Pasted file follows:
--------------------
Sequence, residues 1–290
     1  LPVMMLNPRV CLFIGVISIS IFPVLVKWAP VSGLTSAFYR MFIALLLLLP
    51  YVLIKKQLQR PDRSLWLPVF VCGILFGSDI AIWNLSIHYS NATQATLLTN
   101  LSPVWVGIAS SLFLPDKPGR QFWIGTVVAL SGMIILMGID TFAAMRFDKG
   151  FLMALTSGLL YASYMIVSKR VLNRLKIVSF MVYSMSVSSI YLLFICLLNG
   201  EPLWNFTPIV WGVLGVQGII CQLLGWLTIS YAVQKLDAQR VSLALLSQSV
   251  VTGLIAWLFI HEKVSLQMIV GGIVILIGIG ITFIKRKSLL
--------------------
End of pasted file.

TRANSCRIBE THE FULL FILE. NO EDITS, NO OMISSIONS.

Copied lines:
Sequence, residues 1–290
     1  LPVMMLNPRV CLFIGVISIS IFPVLVKWAP VSGLTSAFYR MFIALLLLLP
    51  YVLIKKQLQR PDRSLWLPVF VCGILFGSDI AIWNLSIHYS NATQATLLTN
   101  LSPVWVGIAS SLFLPDKPGR QFWIGTVVAL SGMIILMGID TFAAMRFDKG
   151  FLMALTSGLL YASYMIVSKR VLNRLKIVSF MVYSMSVSSI YLLFICLLNG
   201  EPLWNFTPIV WGVLGVQGII CQLLGWLTIS YAVQKLDAQR VSLALLSQSV
   251  VTGLIAWLFI HEKVSLQMIV GGIVILIGIG ITFIKRKSLL